September 16, 2013 - The southern portion of the MARFC service area has not had much rainfall for the month of September with only an inch or less having fallen so far. Over the past 90 days, central Maryland, parts of northern Virginia, and parts of the eastern panhandle of West Virginia are running 1 to 3 inches below average rainfall. The lower Delmarva Peninsula is also 1 to 3 inches below average for rain. Elsewhere, rainfall has been normal to 5 inches above normal.

Current (September 16) streamflow data from the U.S. Geological Survey shows that streamflows are near normal except for the region from the District of Columbia to Baltimore. Here, flows are below normal. Groundwater levels are generally near or above normal.

The weather outlook for the rest of September calls for near or below normal rainfall with near or above normal temperatures. The NWS Climate Prediction Center's 30-day outlook for September calls for near or above normal rainfall and near average temperatures. The 90 day outlook for September through November calls for near normal precipitation and temperatures.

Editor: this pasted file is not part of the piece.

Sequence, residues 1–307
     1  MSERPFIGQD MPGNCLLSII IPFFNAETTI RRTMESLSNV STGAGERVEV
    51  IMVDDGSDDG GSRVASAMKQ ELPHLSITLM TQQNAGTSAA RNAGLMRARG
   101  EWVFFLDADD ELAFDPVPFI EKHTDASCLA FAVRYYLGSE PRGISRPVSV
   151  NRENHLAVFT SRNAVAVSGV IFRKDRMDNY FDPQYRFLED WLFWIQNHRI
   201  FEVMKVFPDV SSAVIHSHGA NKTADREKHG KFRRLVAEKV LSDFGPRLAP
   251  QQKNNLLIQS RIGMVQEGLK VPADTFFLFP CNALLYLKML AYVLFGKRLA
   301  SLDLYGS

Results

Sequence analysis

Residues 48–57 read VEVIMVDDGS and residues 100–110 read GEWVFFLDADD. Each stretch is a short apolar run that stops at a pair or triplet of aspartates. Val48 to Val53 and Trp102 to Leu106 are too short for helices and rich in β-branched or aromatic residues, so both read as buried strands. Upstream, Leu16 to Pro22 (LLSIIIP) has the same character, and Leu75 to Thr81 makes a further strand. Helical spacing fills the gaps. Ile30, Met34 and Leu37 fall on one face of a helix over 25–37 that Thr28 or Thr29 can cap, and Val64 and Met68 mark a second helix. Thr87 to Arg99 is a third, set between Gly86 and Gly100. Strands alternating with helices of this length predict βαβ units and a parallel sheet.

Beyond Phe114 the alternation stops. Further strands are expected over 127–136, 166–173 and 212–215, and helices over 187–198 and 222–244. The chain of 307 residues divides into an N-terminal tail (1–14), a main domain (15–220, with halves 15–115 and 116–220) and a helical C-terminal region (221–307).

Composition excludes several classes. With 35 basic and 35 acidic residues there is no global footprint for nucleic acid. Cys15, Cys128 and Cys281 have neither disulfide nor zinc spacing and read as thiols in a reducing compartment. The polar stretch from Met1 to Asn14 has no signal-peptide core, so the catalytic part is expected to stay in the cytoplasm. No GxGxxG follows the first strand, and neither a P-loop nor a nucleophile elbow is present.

Hurricane season is in its' most active period and tropical systems can bring significant rainfall to the Mid-Atlantic Region. Though there are some systems in the Atlantic Ocean basin, rain from a tropical system is not expected in the near term.

The outlook for water resources across the southern half of the MARFC service area is very good except for central Maryland, especially from DC to Baltimore. Here, rainfall has not been abundant in the past couple of months and the outlook has now been downgraded to good. Overall, water resources and supplies are sufficient to abundant.